"He was an outstanding lawyer who went toe to toe with the government and never gave an inch," said Norris Gelman, a defense lawyer who worked on cases with Mr. Simone. "He was the last of a breed. . . . He knew tactics, he knew strategy, he knew how to cross-examine."

Many of today's young defense lawyers, Gelman said, are like "tax accountants," well versed in the minutiae of deal making and the point system judges use to level sentences, but often lost in front of a jury.

"Bobby was not a tax accountant," Gelman said.

Even prosecutors, who investigated and built cases around what one referred to as Mr. Simone's "dark side," said he was a master in the courtroom.

"He was one of the best trial lawyers I ever went up against," said Louis Pichini, a former federal prosecutor and Organized Crime Strike Force attorney who won numerous battles with Simone, including the major racketeering case that sent Scarfo and his top associates to prison in 1988.

"When he was cross-examining a witness, he had an intuitive sense of what to ask and, as important, when to stop asking," Pichini said. "It was like a surgical strike. Get in and get out."

Robert Madden, a former federal prosecutor who later became a defense lawyer, said Mr. Simone "was a legend . . . a great lawyer."

More important, Madden said, "he was a man of his word. If he told you something, you could bank on it. That's the way it was going to be."

The son of a first-generation Italian American father and a mother born in South Philadelphia, Mr. Simone grew up in the Logan section of the city, attended Olney High School, and went on to Temple University and Temple Law School.

In his book, he said that from the time he was a boy, he dreamed of becoming a lawyer.

"Whenever I saw a courtroom scene in the movies and later on television, I always imagined myself to be the lawyer representing the underdog," he wrote. " . . . There was no other profession or business that interested me."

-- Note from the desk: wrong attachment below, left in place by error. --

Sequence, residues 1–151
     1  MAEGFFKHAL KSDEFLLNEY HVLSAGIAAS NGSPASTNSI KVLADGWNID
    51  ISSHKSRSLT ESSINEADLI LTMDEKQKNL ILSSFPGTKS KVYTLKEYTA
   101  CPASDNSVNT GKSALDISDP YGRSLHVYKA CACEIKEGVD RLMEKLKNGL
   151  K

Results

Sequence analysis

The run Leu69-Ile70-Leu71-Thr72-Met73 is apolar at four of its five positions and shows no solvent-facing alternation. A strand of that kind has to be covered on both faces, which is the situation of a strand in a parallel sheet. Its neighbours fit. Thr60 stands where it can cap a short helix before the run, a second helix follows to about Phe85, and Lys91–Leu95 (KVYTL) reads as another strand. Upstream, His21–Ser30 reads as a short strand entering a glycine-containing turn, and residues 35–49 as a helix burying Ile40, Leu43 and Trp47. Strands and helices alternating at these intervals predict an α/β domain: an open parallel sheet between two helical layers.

He began practicing law in 1959, opening a small office in Center City. After work, he would often stop into the Celebrity Room, a famous Locust Street nightspot run by Reis.

They became friends, and she hired him to represent her in several classic battles with the city and Capt. Clarence Ferguson of the police vice squad, who was always trying to shut Reis' club down on morals charges.

When Reis was implicated in the Pottsville heist, she turned to Mr. Simone, who defended her through two trials. The first ended in a hung jury. The second ended with a conviction that was overturned on appeal. The charges against her were then dropped.

In the 1988 interview, Mr. Simone acknowledged that he often became friends with his clients and also with individuals whose reputations were less than pristine. These would include many prominent mob figures, including Reis' boyfriend and codefendant in the Pottsville case, Ralph "Junior" Staino.

"I can't help it," Mr. Simone said. "That's the way I am. . . . I've had dinner with them. I'm not afraid to be seen with them."

Then he smiled and offered one of those crooked glances that were so much a part of his courtroom style.

"Most have records as clean . . . as the judges in City Hall."

Mr. Simone acknowledged in his book that his lifestyle was often at odds with his profession. He liked to drink and to gamble, and to associate with people who shared those interests.

But he also contended that he was the victim of federal authorities who targeted him because he was such a strong advocate for those he considered "the underdog."

"I have paid a hefty price for my long-ago decision to take on the causes of the most undesirable and unpopular among us," Mr. Simone wrote in the prologue to his book. ". . . And while some of my former clients currently sit in jail or have met ends as untimely as they were grisly, I can tell you that many of them were, and still are, my close friends."

Mr. Simone died after a long battle with chronic obstructive pulmonary disease, according to his brother, Joseph.

In addition to his brother, he is survived by a son, Scott; a daughter, Kimberly Ikehara; and two grandchildren.

A viewing will be held from 7 to 9 p.m. tomorrow and from 9:45 to 10:45 a.m. Saturday at the Baldi Funeral Home, 1331 S. Broad St. A Funeral Mass will be said at 11:30 a.m. Saturday at St. Monica Roman Catholic Church, 17th and Ritner Streets. Burial will be in Holy Sepulchre Cemetery, Cheltenham.

Donations may be made to the American Lung Association, 303 S. 13th St., Philadelphia 19107.

Contact staff writer George Anastasia

at 856-779-3846 or